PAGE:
USDA May report surprises analyist
At least one grain market analysts Wednesday said the latest supply and demand report for old crop corn and soybeans held surprises that would be bearish on both futures markets.
Darin Newsom, DTN senior analyst, said an estimated increase in the 2012 ending corn stocks was a surprise and said he was doubtful that the estimate will hold up during the next 15 months.
The USDA estimated a drop in current market year demand in imports by 50 million bushels adding to the 2012 carry over of 900 million bushels, a 6.7 percent carryover.
However, Newsom said with the current weather challenges thus far in the 2011 growing season – late corn planting in the northern tier of Corn Belt states, plus the intentional flooding of 200 square miles of Missouri farm land, he is doubtful the 2012 ending stocks will tally 900 million bushels.
He said it’s possible that the actual figure could end around 550 to 600 million bushels, or about 5 percent of the overall supply.
Nevertheless, the market was trading Wednesday’s numbers and although corn opened slightly higher, it didn’t take long to see July futures drop by nearly 30 cents by noon.
The USDA estimates 2012 corn production at 92.2 million acres, harvesting 85.1 million with a national average yield of 158.7 bushels per acre, producing a total of 13.5 billion bushels.
“If these numbers play out,”?Newsom said, “we may have passed the tightest supply since 1995-96.
“However, it’s highly doubtful. We have no margin for error.”
He added that if spring weather “straightens out” then trend yields can still be reached where corn has already been planted.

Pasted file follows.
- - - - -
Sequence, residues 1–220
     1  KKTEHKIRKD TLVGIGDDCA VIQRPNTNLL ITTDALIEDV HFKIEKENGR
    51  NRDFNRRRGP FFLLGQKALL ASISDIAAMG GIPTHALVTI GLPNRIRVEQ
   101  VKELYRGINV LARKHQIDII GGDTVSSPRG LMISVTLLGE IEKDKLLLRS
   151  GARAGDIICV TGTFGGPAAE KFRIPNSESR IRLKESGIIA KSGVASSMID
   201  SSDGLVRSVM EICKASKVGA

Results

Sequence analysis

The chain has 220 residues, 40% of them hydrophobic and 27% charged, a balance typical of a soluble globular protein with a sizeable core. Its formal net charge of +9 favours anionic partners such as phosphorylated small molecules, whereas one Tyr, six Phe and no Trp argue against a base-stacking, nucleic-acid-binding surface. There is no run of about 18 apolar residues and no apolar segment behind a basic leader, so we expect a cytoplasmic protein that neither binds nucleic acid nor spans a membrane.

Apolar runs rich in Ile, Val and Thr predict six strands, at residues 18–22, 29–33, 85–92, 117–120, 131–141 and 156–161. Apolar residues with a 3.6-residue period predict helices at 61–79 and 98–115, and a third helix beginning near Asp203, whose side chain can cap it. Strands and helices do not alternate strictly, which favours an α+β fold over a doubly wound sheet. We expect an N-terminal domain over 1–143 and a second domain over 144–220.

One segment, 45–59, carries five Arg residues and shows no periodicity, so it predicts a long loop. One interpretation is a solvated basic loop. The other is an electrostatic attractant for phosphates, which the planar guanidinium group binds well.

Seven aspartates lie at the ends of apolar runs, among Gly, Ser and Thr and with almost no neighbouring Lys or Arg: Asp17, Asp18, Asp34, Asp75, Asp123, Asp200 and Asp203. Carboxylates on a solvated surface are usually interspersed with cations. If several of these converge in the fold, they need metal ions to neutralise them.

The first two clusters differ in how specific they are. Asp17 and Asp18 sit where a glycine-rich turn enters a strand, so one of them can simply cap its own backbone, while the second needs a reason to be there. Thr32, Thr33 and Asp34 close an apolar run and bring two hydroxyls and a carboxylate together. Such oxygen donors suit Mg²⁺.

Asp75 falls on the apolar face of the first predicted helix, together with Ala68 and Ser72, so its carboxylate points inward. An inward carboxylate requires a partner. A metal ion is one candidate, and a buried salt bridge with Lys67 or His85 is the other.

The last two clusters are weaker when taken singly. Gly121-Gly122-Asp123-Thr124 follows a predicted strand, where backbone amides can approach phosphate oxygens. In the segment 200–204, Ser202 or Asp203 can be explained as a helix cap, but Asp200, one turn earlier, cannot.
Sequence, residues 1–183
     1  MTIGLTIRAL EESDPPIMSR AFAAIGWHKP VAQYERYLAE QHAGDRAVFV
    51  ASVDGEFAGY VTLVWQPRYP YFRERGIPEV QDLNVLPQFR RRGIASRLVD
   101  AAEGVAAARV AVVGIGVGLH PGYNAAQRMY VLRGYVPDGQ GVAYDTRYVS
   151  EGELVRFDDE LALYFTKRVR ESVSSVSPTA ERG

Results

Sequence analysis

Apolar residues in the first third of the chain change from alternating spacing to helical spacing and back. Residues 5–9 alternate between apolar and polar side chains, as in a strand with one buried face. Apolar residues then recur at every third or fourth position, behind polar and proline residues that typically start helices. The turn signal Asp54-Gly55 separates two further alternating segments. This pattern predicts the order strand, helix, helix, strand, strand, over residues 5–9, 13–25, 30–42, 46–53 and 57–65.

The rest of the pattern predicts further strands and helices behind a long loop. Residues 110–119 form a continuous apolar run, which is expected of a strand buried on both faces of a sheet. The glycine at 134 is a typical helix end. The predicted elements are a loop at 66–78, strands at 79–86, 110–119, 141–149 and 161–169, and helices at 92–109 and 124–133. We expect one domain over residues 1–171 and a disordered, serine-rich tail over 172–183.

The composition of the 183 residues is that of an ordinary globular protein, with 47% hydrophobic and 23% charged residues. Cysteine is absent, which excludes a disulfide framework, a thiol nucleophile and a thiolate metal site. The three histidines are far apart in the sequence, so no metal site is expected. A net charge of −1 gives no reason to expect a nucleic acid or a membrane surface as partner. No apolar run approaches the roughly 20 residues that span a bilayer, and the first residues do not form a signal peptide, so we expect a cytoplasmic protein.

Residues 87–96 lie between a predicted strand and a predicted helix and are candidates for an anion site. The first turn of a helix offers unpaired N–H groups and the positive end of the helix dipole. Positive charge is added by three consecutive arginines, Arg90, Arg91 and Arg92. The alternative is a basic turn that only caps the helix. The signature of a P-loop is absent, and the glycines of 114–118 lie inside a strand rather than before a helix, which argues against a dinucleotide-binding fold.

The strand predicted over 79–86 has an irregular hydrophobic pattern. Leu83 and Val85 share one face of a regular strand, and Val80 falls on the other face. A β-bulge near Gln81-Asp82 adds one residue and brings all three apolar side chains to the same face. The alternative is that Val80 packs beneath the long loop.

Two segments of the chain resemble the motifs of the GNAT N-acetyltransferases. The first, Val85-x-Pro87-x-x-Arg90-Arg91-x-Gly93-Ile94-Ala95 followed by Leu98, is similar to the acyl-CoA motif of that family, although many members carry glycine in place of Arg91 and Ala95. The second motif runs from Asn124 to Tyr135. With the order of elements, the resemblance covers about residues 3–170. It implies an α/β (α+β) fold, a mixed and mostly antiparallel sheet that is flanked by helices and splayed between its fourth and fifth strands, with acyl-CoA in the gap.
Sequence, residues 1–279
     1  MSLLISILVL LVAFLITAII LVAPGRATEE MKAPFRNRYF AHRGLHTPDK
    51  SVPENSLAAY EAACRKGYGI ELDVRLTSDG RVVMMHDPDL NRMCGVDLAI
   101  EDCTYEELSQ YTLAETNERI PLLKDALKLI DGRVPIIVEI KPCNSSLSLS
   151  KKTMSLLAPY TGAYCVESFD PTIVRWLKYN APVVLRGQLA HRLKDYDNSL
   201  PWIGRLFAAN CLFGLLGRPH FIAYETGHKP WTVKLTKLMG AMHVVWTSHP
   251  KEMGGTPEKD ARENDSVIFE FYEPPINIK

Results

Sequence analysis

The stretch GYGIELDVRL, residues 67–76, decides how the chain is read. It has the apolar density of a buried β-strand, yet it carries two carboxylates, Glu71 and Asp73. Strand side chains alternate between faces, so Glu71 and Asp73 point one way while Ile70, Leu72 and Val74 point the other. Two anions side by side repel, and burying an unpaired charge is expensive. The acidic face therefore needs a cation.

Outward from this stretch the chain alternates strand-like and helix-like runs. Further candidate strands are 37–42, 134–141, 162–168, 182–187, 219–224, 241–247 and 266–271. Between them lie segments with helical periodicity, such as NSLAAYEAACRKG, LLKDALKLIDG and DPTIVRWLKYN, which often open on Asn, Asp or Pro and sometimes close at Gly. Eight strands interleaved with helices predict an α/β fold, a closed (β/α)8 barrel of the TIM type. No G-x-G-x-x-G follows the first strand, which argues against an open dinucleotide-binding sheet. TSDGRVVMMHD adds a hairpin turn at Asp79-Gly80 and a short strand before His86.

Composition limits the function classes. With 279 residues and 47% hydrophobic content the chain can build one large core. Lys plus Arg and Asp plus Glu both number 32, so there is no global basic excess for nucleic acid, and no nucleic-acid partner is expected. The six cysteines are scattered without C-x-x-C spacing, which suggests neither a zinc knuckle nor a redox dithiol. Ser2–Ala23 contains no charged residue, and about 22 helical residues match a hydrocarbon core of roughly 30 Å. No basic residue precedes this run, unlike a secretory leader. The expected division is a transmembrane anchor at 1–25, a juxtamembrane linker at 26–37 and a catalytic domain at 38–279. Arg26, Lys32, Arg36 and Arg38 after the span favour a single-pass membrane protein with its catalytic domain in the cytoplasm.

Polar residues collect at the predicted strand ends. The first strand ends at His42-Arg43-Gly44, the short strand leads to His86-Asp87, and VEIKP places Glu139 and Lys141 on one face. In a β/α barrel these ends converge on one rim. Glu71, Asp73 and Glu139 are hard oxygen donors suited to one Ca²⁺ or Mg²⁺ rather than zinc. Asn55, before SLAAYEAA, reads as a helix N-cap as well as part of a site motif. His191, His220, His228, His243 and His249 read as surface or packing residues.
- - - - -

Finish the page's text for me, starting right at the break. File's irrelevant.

But that still leaves the late-planted acres in the north and the flooded acres in Missouri unaccounted for, he said.
Likewise, soybeans traded 11 cents lower by noon after the USDA’s ending stocks estimate for 2011 was also increased from 140 million bushels in April, to 170 mb.
“But soybeans are the most changeable numbers,”?Newsom said, “we just don’t have a feel for what the ending will be.”
Newsom said traders and growers must keep in mind that the May report is always the first snapshot of the growing season.
He said weather will still affect yields one way or another and advised growers that if they can be planting, they should stay in the field and not trade their grain.
“And if they’ve been rained out, they should find something else to do,”?Newsom said.
The USDA’s estimates for the 2012 crop year calls for 76.6 million acres planted, with a national average yield of 43.4 bushels per acre, producing 3.28 billion bushels, and a 2012 ending stock of 1.54 million bushels, or 4.8 percent.
With severe drought devastating southwest winter wheat and rain delaying the planting of spring wheat in the northern states, Newsom said, “this crop is in much worst condition than the USDA shows.”
USDA estimates a harvest of 62 million bushels of winter hard red wheat, which Newsom said he has serious doubts will occur.
USDA is projecting a national average yield of 42.5 bushels per acre, but Newsom believes that figure will be closer to 40 bushels or lower.
Contact Larry Kershner at (515) 573-2141, Ext. 453 or at firstname.lastname@example.org.
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